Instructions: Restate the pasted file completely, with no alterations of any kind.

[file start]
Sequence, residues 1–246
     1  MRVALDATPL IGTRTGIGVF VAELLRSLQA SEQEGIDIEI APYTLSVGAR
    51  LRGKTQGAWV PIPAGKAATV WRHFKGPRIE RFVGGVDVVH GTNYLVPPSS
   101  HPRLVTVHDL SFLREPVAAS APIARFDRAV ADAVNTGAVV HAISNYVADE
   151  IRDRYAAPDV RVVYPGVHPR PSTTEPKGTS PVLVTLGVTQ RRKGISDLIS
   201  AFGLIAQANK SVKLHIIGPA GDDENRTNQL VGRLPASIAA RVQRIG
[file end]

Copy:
Sequence, residues 1–246
     1  MRVALDATPL IGTRTGIGVF VAELLRSLQA SEQEGIDIEI APYTLSVGAR
    51  LRGKTQGAWV PIPAGKAATV WRHFKGPRIE RFVGGVDVVH GTNYLVPPSS
   101  HPRLVTVHDL SFLREPVAAS APIARFDRAV ADAVNTGAVV HAISNYVADE
   151  IRDRYAAPDV RVVYPGVHPR PSTTEPKGTS PVLVTLGVTQ RRKGISDLIS
   201  AFGLIAQANK SVKLHIIGPA GDDENRTNQL VGRLPASIAA RVQRIG